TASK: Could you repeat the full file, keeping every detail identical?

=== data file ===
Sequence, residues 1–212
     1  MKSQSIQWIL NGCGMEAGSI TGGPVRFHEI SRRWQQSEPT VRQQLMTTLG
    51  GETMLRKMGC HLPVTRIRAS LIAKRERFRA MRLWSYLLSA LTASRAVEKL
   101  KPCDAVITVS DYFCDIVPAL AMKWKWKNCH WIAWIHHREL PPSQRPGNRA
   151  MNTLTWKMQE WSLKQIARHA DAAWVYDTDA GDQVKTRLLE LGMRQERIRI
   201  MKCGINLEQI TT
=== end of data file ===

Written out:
Sequence, residues 1–212
     1  MKSQSIQWIL NGCGMEAGSI TGGPVRFHEI SRRWQQSEPT VRQQLMTTLG
    51  GETMLRKMGC HLPVTRIRAS LIAKRERFRA MRLWSYLLSA LTASRAVEKL
   101  KPCDAVITVS DYFCDIVPAL AMKWKWKNCH WIAWIHHREL PPSQRPGNRA
   151  MNTLTWKMQE WSLKQIARHA DAAWVYDTDA GDQVKTRLLE LGMRQERIRI
   201  MKCGINLEQI TT